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Constellation Aries

Constellation Aries

Northern Hemisphere




The Aries constellation is one of the Signs of the Zodiac in the northern hemisphere. It is relatively small, but has a distinctive structure that makes it easy to spot.

How to spot Aries

It covers an area of 441 square meters and contains four stars with known planets: The brighter stars α (Hamal), β (Sheratan) and γ (Mesarthim) form a curved line. It lies between the Triangle, Perseus, Taurus and Pisces and can best be observed in autumn.


According to Greek mythology, King Athamas named his oldest son Phrixus as the successor to his throne. However, the King’s wife at that time, Phrixus’ stepmother, wanted her own son in his place. So she turned to deceit: She allowed the seeds for the following year to rot, causing a bad harvest. A manipulated oracle told the King that he could only avoid more bad harvests in the future if he were to sacrifice his son, Phrixus. Unhappily, he followed the oracle’s will, but at the moment of execution, a ram with a golden fleece sprang forth to save Phrixus. Upon the ram’s request to sacrifice itself in stead of the King’s son, they were able to avoid a famine. The ram was placed among the stars for his feat of heroism.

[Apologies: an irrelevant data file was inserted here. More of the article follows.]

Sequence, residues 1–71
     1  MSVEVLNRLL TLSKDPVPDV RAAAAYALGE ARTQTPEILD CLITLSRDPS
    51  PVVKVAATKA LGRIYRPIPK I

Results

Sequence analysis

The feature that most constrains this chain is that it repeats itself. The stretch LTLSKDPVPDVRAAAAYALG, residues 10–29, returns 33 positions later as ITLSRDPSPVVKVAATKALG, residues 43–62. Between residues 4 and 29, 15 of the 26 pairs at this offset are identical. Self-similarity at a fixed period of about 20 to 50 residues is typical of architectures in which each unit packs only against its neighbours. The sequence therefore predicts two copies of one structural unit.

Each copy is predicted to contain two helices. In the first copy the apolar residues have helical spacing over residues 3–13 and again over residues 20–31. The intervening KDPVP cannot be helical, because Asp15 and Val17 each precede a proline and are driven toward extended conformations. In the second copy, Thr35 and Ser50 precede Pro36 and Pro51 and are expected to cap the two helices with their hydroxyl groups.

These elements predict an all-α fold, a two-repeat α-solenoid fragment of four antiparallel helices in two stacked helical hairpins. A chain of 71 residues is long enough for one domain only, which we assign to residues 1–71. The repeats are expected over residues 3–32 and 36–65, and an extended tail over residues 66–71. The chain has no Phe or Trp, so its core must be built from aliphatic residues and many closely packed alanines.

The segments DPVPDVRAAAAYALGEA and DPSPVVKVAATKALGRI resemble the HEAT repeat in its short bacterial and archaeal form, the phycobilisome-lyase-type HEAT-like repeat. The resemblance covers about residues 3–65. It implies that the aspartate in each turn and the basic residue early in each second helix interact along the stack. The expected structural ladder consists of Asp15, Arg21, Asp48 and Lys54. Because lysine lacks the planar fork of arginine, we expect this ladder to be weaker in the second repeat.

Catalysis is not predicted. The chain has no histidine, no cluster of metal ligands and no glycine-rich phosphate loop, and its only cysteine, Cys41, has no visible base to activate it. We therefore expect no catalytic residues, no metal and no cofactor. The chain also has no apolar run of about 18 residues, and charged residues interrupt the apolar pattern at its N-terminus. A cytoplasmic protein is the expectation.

Interesting Facts

The earliest recognizable reference to the constellation Aries as an independent constellation existed already in the years 1350 to 1000 BC. On several stones the zodiac sign of Aries was found.

In ancient Egyptian astronomy, the Aries was associated with the god Amon-Ra, who was portrayed as a man with a ram's head. This symbol represented the characteristics fertility and creativity. It was often identified as an indicator of the annual rebirth of the sun because it was especially visible in spring.